3. Responsible red wine drinking might improve overall heart health:

    Along with reservatrol, red wine also contains flavanoids, antioxidants which encourage healthier hearts. When combined with a regimen of exercise and nutritious diet, they increase HDL cholesterol (the good kind), reduce inflammation and thin the blood to prevent dangerous clots.
  4. Low to moderate drinkers live longer lives:

    More than heavy drinkers to abusers, obviously, but they also fare better than their teetotaler peers! Not only do they enjoy a lessened risk of heart disease and cancer, dementia, Alzheimer's (thanks to the improved memory!), strokes, enlarged prostates and arthritis – among other conditions – occur at a lower rate as well. In fact, researchers at the National Institute on Alcohol Abuse and Alcoholism discovered that low to moderate drinkers had the lowest death rate of all causes than anyone else on the consumption spectrum.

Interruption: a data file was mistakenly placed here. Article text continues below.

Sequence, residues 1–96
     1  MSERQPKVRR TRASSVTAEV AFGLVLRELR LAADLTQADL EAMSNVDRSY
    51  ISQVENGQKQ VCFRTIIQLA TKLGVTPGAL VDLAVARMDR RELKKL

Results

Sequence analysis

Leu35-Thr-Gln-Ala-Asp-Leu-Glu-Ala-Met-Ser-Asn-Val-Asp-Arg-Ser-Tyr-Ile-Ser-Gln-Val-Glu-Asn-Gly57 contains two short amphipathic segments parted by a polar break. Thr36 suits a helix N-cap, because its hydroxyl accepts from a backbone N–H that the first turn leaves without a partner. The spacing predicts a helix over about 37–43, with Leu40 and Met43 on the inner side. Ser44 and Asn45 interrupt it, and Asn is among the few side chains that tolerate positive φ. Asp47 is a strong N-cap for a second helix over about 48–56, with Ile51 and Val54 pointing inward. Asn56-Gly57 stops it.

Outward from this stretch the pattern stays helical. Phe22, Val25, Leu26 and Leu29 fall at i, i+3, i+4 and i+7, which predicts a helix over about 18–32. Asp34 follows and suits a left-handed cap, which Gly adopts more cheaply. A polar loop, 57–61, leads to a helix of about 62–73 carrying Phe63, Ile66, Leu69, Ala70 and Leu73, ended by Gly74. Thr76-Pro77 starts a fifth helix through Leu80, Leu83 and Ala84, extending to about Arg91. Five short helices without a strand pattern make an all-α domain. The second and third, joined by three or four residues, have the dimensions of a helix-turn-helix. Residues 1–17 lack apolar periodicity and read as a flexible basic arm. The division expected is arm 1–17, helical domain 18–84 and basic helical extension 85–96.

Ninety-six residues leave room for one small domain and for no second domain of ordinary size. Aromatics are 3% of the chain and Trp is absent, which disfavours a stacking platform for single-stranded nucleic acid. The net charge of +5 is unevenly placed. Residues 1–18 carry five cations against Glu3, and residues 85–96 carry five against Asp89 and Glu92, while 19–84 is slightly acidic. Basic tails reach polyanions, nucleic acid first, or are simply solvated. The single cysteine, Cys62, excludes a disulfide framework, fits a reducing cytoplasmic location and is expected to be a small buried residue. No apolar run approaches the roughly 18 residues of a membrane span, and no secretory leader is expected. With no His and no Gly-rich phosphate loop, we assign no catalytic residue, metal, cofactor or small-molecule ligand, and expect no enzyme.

5. Despite its high calorie content, alcohol doesn't result in significant weight gain:

    It seems bizarre and obviously counter to what one would assume, but this is a thing. Researchers can't exactly pinpoint the exact reason why the phenomenon of high-carb beverages resulting in minimal (if any) weight gain exists. Some theories think alcohol's increase of metabolism plays a role, while some think it discourages consumers from noshing on sugars. Although this doesn't explain away their compulsion towards beautifully greasy tacos once the bars close…
  6. Intentionally fermented beverages date back to at least the Neolithic Era:

    Assuming brewing, fermenting and distilling aren't even older than researchers already know, intentionally created alcohol has been pleasuring and plaguing mankind since around 10,000 BCE. Stone Age mugs likely housed honey and/or berry-based beverages, which most believe originated as "happy little accidents."